For more food photography tutorials check out Issues 1-8 of photographing FOOD.


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Anonymous's picture

With a tripod, why not take the ISO all the way down to 100 and crank up (down) the shutter speed?

Bert Nase's picture

Tony, you're right. But if you read the article you'll find out that he was more or less there by accident and only had a EOS-M with him.

John Schulze's picture

I don't understand why ISO640 is arbitrarily used here and 1/30 of a second is an acceptable starting point. It's far more logical to start at ISO1000 or ISO1250 so a shutter speed that is above 1/60 can be used. Furthermore, why is the room being measured and not the plate of food on the table ?

Fahnon Bennett's picture

As long as the subject was stationary I'd probably not go above ISO 800 on an EOS-M to avoid shadow noise, but you're right I don't know why you wouldn't go at least that high.

Mathew Parri Thomas's picture

Great article. I like the process of thought; that if you want to take photo of a meal you don't sit down at a table and start thinking about lighting, you start thinking about lighting and then sit down at the *right* table.

For those arguing the camera settings for the room shots... I think you're missing the point. Taylor is just using them to show the layout of the rooms, the different light sources and the quality of that light.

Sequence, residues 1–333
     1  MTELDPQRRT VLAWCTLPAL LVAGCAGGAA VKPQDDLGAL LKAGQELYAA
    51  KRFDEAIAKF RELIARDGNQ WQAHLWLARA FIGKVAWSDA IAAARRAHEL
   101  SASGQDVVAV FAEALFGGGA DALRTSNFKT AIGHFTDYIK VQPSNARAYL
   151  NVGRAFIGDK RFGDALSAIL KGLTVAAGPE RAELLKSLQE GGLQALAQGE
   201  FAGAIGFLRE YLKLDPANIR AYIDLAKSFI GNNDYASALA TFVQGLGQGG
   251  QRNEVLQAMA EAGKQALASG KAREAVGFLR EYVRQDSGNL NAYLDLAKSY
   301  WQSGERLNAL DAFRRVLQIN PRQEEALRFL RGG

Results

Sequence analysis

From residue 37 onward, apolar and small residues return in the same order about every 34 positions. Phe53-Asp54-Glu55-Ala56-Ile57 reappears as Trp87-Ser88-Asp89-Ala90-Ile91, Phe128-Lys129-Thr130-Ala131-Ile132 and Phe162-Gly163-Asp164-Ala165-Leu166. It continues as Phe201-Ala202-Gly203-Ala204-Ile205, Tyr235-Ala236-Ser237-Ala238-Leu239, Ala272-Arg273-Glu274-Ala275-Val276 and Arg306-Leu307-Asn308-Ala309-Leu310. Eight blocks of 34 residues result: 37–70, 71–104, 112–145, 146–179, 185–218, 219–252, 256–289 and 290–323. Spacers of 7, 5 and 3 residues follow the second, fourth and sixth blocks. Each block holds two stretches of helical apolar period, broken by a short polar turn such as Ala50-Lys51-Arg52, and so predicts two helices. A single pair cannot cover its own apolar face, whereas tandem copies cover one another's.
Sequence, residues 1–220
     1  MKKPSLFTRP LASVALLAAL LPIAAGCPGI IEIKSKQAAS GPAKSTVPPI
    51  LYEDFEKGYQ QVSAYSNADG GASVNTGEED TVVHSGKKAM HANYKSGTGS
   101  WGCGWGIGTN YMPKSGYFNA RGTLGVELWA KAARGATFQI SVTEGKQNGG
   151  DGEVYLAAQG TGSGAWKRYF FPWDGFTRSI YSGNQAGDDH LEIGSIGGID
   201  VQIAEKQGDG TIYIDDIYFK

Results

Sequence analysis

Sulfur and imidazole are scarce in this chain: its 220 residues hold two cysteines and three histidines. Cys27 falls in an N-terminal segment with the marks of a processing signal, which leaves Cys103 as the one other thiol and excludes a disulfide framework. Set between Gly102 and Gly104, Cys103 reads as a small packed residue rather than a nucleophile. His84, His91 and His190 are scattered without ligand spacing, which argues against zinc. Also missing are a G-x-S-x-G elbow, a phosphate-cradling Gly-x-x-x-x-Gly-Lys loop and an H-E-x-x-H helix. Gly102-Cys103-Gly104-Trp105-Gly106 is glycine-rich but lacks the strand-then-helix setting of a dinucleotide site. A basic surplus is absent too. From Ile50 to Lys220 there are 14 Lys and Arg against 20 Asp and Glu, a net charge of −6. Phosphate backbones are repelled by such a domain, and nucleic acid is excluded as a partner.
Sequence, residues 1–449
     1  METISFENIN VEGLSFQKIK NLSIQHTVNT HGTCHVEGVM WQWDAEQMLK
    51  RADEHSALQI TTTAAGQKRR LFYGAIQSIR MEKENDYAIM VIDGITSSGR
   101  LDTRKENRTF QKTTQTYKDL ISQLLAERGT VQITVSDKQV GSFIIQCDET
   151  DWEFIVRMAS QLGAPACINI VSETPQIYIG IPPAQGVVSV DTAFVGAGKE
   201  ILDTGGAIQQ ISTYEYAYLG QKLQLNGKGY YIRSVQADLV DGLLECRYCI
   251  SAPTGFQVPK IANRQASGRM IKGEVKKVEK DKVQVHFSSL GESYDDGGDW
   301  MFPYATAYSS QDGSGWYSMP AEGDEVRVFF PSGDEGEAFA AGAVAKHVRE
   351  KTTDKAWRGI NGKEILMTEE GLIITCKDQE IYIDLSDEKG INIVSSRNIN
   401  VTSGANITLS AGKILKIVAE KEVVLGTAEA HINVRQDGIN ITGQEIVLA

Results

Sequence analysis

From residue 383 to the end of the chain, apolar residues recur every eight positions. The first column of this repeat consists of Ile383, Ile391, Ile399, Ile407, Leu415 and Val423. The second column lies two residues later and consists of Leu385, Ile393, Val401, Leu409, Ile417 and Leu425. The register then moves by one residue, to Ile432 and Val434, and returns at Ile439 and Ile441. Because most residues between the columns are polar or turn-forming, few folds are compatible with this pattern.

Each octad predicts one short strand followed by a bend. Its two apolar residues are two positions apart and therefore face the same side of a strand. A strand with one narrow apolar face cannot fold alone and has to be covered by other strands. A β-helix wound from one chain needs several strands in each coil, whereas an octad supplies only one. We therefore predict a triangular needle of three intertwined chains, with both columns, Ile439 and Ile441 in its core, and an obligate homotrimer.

John Schulze's picture

I think it's pretty obvious that you want to sit where the light is best. Big window or dark rocket science going on there. I don't think anyone with common sense needs to be told to sit in the bright room near the window if that's an option. It's pretty tough to try and be an authority on photography when you don't have a grasp on the fundamentals though, and what Taylor has proved here is that he is starting his calculations from a flawed perspective. This article is a missed opportunity to approach the subject with a real sense of authority. All it did was erode Taylor's credibility.

Mathew Parri Thomas's picture

For beginners and hobbyists these are good fundamentals.

John Schulze's picture

The problem is that this article is the equivalent to a soda or candy bar - empty calories with no nutritional value. Beginners and hobbyists already know to sit in the bright room near the window if possible.

Let's also discuss why the dynamic range is better on an unedited iPhone photo. The shadow area behind the pickles and onions on the left side is awful on the EOS-M photo. Why couldn't Taylor pick up the empty fry container and bounce some light into the shadow area ? Or is this just a case of bad editing, which is another issue entirely.

Mathew Parri Thomas's picture

You seem aggrieved by the content of this article. Do you feel like you're not getting enough value for your money from the writing here on fstoppers?

Fahnon Bennett's picture

As far as image quality goes, I'd be more worried about not having my choice of lens than having an EOS-M. That little guy has the same image quality as canon's APS-C slr lineup.